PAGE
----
“When you see Jerusalem being surrounded by armies, you will know that its desolation is near. Then let those who are in Judea flee to the mountains, let those in the city get out, and let those in the country not enter the city. For this is the time of punishment in fulfilment of all that has been written. How dreadful it will be in those days for pregnant women and nursing mothers! There will be great distress in the land and wrath against this people. They will fall by the sword and will be taken as prisoners to all the nations. Jerusalem will be trampled on by the Gentiles until the times of the Gentiles are fulfilled.
“There will be signs in the sun, moon and stars. On the earth, nations will be in anguish and perplexity at the roaring and tossing of the sea. People will faint from terror, apprehensive of what is coming on the world, for the heavenly bodies will be shaken. At that time they will see the Son of Man coming in a cloud with power and great glory. When these things begin to take place, stand up and lift up your heads, because your redemption is drawing near.”
It is never easy to read paragraphs like these. For judgement isn’t some abstract concept to be talked about light-heartedly. It is ultimate reality.
Was Jesus harsh and angry when he spoke these words? Not at all. Luke has already shown us Jesus’ state of heart and mind for, even in the joyful celebration of his approach to Jerusalem, Jesus wept over the city at the prospect of the foolish decision it was about to make regarding him and at the awful consequences that would inevitably follow. There wasn’t even a hint of vindictive pleasure in his voice. He was filled with compassion.
Jerusalem had been given every opportunity but had refused to repent. Its religious authorities had become increasingly secular and corrupt in their tenancy of the vineyard, interested in money and power, like the pagan nations around them. They were about to hand the Owner’s son over to its Gentile overlords and persuade them, against their better judgement, to execute him. Great miracles would be done in the city that would witness to the true identity of Jesus as both Lord and Messiah. But they would reject the evidence. And God would hand them over to the Gentiles. The temple would be no more. Jerusalem would lose its distinctive witness for God, since it had long since given up being distinctive and loyal to him, and it would become a Gentile city.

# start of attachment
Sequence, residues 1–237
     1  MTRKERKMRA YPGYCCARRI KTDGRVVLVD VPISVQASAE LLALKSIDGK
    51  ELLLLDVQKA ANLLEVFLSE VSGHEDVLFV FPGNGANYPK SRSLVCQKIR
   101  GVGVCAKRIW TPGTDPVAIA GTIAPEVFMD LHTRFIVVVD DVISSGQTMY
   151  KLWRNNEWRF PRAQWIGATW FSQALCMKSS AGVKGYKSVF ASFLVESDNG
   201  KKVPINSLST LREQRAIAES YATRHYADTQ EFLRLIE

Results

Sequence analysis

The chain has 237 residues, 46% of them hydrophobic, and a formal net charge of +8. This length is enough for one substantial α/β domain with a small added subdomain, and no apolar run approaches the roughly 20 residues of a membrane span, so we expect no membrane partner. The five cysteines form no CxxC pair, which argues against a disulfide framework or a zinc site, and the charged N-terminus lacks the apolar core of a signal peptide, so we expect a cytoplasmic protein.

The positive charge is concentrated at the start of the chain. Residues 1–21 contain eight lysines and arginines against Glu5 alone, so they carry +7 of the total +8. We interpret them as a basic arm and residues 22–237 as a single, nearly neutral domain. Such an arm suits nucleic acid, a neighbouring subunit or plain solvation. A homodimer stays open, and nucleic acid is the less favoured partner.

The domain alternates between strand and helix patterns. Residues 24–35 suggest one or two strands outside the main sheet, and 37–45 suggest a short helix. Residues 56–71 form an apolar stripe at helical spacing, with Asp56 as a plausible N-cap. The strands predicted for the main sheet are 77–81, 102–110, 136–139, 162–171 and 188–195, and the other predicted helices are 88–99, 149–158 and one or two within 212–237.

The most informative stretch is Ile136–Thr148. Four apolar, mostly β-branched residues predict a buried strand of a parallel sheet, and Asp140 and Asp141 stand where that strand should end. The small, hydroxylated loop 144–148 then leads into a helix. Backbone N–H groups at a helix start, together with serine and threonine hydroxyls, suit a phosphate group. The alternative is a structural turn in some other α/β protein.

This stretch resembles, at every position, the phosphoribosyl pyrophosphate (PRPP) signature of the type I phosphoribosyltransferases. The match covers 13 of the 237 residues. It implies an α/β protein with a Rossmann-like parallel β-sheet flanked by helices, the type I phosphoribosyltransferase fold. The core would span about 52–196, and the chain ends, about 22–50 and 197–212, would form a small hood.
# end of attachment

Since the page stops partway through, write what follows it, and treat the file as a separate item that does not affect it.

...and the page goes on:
There was to be no deliverance. When Christ’s disciples would see the Gentile armies approaching, they were to flee from the city. God was not going to save it. “For this is the time of punishment in fulfilment of all that has been written.”
It is difficult even to read the details. The distress of those coming days would be immense. Daily life would be precarious. The Lord is aware of that. He singles out for particular thought pregnant women and those seeking to get on with the task of caring for the new-born, perhaps as an indication of where most support would be needed. People would die in the conflict or have their livelihoods and families torn away from them as they were taken into captivity.
Did it have to happen like this? Was there no other way? Perhaps we can at least see the point of judgement falling on the corrupt leaders. But what about the pregnant women? And the innocent young children? Surely they were not responsible for the widespread corruption of their God-given faith, the greed, the lust for power, the perversion of truth, and the murder of Messiah?
I understand why some are so horrified by such descriptions of judgement that it drives them away from any belief in the God who judges. But I wonder if they are not at least equally horrified at the world in which such a response leaves us?
“Imagine there’s no heaven”, John Lennon taught the Western world to sing, “It’s easy if you try, No hell below us, Above us only sky”. A world without an afterlife. Nothing beyond this one. A world, therefore, where there is no hope of ultimate justice.
Will we sing about a world where the pleas of abused children and violated women, if not answered in this life, will never be answered? A world in which those who exploit the poor, sacrifice the lives of tens of millions for the sake of their political ideology and lust for power can, if they feel that earthly justice is catching up with them, simply put a bullet in their brain and never face justice? Will we celebrate a universe without justice?
I wouldn’t be singing. I would be weeping, if I believed that death ends everything and that our instinctive longings for justice will simply mock us as we face nothing but the eternal and empty silence of a universal grave. I haven’t an understanding big enough to answer all the questions that such raw portrayals of judgement raise, but to use the moral judgement the Creator gave me to call into question the Creator himself is a fundamental self-contradiction. Moreover, when I realise the compassion of Christ not just here but supremely in his self-giving on the cross, I am convinced I can trust him, even when I can’t understand.